Mark Streit, the Flyers' best offensive defenseman, had no points and just one shot on goal through his first two games against the Rangers. No one talks about this. No one really should talk about this, at least not to suggest Streit has been doing something wrong. He hasn't, really.

He shoots the puck harder and more accurately than any of the Flyers' other defensemen, skates as well as any of them, can move the puck with as much deftness as any of them. Still, he is a defenseman. Preventing goals is his primary job. Scoring them is sauce.

And yet, no points, one shot. The Flyers already have two goals from defensemen in this series, including Luke Schenn's game-winner Sunday, but Streit remains a resource untapped, an advantage the Flyers could wield in Tuesday's Game 3 and beyond.

Understand: The Rangers have the deeper group of defensemen here. In Ryan McDonagh and Dan Girardi, they have one of the NHL's top tandems and a handy scourge for Claude Giroux, provided coach Alain Vigneault can get McDonagh and Girardi on the ice against Giroux in Games 3 and 4, when the Flyers will have the final line change at the Wells Fargo Center. Nevertheless, Streit delivers a dimension that can make such a difference over a playoff series - a defenseman who can score.

He was a 62-point player with the Montreal Canadiens in 2007-08, an all-star with the New York Islanders in 2008-09, and if Giroux can't get going against Girardi and McDonagh, Streit's skills can help the Flyers fill the void.

"You need everyone contributing, whether it's your captain, your checking-line guys, or the defensemen," Schenn said. "Everyone needs to contribute in the playoffs. Historically, if you look at teams in the past who have had success in the playoffs, it's kind of those unsuspecting guys who have helped them. It's got to be all 20 guys contributing."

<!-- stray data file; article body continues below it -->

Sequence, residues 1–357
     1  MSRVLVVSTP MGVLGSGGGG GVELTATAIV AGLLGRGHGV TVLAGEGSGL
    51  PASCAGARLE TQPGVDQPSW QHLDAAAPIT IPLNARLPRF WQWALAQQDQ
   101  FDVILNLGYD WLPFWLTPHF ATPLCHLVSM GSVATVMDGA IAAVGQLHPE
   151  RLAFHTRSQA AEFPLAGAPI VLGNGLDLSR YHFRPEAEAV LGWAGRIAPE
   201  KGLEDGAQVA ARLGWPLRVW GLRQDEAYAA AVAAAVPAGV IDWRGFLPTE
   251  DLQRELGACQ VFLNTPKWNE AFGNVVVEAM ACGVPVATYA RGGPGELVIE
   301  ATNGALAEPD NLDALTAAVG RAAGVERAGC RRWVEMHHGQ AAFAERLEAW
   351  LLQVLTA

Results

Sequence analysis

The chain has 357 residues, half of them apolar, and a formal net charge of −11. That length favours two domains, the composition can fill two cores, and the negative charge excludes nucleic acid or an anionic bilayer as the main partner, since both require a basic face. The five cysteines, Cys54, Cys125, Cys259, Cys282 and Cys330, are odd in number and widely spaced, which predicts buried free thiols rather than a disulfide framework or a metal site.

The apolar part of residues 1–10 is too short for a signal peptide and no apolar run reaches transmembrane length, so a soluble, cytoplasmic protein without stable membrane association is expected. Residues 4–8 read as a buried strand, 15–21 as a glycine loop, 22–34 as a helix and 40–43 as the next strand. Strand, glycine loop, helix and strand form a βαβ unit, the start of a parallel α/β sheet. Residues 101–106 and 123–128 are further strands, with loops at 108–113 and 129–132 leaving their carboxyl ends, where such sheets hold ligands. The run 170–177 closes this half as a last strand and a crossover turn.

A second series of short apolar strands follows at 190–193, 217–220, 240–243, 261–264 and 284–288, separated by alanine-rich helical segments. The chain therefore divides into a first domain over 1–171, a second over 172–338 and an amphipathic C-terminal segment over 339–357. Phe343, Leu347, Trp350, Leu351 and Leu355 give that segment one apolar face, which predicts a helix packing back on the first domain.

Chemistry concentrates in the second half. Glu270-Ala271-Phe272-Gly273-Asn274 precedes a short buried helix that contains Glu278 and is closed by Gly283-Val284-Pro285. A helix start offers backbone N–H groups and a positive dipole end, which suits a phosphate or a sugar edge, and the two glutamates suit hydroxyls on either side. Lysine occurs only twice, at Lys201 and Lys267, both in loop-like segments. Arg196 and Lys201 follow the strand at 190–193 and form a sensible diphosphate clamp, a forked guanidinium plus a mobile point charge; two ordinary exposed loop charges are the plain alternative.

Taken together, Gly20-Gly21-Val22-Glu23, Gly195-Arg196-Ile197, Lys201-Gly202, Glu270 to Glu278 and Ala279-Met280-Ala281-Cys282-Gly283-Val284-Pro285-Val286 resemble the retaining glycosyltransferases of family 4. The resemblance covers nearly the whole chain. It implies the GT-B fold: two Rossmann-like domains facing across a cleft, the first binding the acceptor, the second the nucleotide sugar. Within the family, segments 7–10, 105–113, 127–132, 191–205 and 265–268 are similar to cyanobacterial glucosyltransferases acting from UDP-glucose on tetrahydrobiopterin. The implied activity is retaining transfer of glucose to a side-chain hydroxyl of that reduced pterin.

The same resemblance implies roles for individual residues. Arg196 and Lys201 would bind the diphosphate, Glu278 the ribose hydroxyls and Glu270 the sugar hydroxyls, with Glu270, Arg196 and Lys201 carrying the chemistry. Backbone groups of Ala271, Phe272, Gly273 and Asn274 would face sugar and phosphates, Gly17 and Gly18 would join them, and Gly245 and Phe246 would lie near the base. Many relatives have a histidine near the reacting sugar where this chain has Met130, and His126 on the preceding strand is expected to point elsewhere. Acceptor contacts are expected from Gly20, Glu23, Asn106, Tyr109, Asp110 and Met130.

Schenn is right, but it's difficult to imagine his contributing again as he did in Game 2. He had four goals this season, has just 21 over his six NHL seasons, and the conditions were perfect for him to score that stunning second-period goal Sunday.

The Flyers controlled the puck during a delayed penalty. Once the Rangers touched the puck, play would stop, so Schenn had nothing to lose in surging up the ice to lift that backhander over Henrik Lundqvist.

Truth be told, it was the sort of play on which Streit has built his professional career, and he was so offensive-minded for so long that it was fair to question whether his roadrunner mentality was worth his shirking other responsibilities. Only now, at 36, after nine years in the Swiss League and eight in the NHL, has he finally married his instincts with his experience to know when to take a reasonable risk and join (or even lead) a counterattack. He was a plus-3 for the Flyers this season, just the second time since entering the NHL that he's been on the ice for more goals than his team has surrendered.

"For me, as a defenseman, it took a little time to pick my spots," said Streit, who had 10 goals and 44 points this season, both of which led the Flyers' defensemen. "As a 20- or 21-year-old, I used to jump all the time. It's just a matter of being smart and doing it the right way, and then it can be a big asset to the team. I like my instincts offensively to read and react off situations that come up on the ice. It just took a little time."

It was a lifelong process, actually. Streit was born in Bern, Switzerland, and as a boy he admired former Rangers defensemen Reijo Ruotsalainen, who played four years for Streit's hometown franchise in the Swiss League. There was something about the way Ruotsalainen skated, the ease of it, as if he were gliding above the ice, that captivated Streit. He still keeps a stick autographed by Ruotsalainen at home.

"I was always fascinated by those kinds of guys," he said. "As a defenseman, the offense usually starts with the first pass after a good decision defensively. Obviously, with today's game, it's changed so much. It's all about skating. The defensemen need to be good skaters. It's like everybody needs to be good at everything, a little bit."

The reality of the present-day NHL is why the Flyers were so quick to sign Streit last summer, to hand him a four-year, $21 million contract at his relatively advanced age, and it's why he still has a chance to change everything for them against the Rangers.

No points, one shot for Mark Streit, but those numbers don't have to matter once Game 3 begins Tuesday night. A playoff series is nothing if not a search by each opponent for an advantage to exploit, and the Flyers still have one available to them.